Diagnosis

Diagnosing diabetes in cats may be more challenging than in dogs. Cats tend to be stressed during their veterinary visits, which results in a mild hyperglycemia in an otherwise healthy patient. For this reason, an essential part of an office visit for a suspected diabetic cat is a fructosamine test. This test provides information as to what the blood glucose levels have been over the past 2-3 weeks rather than at one point in time. An increased fructosamine level with a high blood glucose would confirm diabetes. However, a normal fructosamine level with a mildly increased blood glucose is probably just indicative of a stress response. Your veterinarian will be able to further explain these tests and their significance.

Although a urine sample is important in the diagnosis of diabetes, it can be quite difficult to obtain these samples from cats. Cats need to have urine collected via cystocentesis, which is a minimally invasive procedure where a small needle is inserted through the abdomen directly into the bladder. Abnormalities within the urine such as glucose, white blood cells, bacteria, and protein can be detected using a microscope. Cats have a high renal threshold for glucose, which means it takes more glucose in the blood for it to spill over into the urine. With mild hyperglycemia or early diabetes, glucose may not yet be present in the urine. Many diabetic patients that have glucose in the urine are at increased risk of developing urinary tract infections. Your veterinarian may recommend a urine culture if test results are not obvious.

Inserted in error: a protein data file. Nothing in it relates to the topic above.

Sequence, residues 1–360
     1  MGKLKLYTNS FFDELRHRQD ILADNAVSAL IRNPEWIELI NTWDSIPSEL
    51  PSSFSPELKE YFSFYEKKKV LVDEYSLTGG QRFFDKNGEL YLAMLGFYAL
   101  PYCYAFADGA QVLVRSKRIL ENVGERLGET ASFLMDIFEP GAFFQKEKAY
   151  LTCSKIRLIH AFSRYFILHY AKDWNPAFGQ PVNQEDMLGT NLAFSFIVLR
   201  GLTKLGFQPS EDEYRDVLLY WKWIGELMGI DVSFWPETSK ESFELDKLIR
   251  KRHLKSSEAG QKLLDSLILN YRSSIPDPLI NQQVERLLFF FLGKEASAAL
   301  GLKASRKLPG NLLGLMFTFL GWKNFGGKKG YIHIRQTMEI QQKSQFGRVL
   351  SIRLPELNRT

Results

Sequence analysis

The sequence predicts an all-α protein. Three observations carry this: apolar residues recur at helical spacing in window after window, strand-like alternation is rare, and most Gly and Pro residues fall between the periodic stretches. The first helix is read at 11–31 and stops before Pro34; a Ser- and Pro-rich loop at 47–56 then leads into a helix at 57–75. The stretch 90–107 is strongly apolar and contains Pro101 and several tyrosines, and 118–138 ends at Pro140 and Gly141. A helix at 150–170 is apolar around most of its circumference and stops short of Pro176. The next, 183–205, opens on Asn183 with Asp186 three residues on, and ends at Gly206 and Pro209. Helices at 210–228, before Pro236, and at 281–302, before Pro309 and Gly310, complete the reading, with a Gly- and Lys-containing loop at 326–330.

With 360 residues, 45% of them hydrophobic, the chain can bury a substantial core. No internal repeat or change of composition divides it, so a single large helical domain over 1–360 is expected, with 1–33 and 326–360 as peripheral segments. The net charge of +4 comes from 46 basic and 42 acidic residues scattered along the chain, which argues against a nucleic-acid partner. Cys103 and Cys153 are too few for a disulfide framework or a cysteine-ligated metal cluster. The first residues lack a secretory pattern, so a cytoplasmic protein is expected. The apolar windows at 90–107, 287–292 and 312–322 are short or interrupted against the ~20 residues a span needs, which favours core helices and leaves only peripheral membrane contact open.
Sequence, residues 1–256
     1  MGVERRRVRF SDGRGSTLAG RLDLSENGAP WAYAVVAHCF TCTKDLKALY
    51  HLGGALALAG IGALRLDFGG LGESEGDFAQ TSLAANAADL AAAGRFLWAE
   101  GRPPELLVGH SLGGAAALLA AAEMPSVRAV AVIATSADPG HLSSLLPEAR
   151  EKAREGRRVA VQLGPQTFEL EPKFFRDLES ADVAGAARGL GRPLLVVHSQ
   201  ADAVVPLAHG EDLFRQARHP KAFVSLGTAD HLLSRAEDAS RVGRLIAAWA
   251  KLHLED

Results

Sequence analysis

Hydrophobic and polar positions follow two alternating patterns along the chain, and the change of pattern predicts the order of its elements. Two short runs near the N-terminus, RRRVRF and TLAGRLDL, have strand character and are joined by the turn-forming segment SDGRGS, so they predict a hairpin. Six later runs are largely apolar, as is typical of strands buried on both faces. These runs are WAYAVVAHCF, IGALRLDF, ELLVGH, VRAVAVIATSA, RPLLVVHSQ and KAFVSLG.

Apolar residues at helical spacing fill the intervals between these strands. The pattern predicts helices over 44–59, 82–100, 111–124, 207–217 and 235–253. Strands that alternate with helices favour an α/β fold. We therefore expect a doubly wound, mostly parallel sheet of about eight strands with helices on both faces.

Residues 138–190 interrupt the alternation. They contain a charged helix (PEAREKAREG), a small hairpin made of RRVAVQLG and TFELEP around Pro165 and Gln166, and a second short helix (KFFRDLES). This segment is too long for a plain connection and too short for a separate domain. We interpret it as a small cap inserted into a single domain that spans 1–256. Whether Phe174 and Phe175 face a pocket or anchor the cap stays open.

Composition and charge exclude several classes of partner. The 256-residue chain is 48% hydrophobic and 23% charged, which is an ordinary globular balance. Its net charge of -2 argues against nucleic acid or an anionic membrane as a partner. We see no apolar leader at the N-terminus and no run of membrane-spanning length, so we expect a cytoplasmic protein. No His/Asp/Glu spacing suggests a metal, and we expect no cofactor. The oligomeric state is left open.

It can also be useful to complete full bloodwork to assess the overall health of the cat. In diabetic cats, it is common to see hypercholesterolemia (high cholesterol) and hypertriglyceridemia (high blood triglycerides). With chronic undiagnosed diabetes, kidney and heart disease can also develop. It is important to check the blood pressure of a suspected diabetic cat as hypertension (high blood pressure) can occur and lead to additional complications.

Management

Although the majority of cats will require daily subcutaneous insulin injections, some cats can be managed with weight loss and a diet change. A high-protein, low-carbohydrate diet can help diabetic cats maintain better control of their blood glucose. With time, some cats may actually return to a non-diabetic state. There are certain diets specifically formulated for diabetic cats with the proper carbohydrate and protein ratios. Some common diets to choose from include Hill’s Feline w/d, Purina Veterinary Diets DM, and Royal Canin Feline Diabetic Diet. Using a wet food formulation can also provide an extra source of hydration for diabetic cats and increase palatability. A veterinarian can recommend the best diet to meet your cat’s individual needs.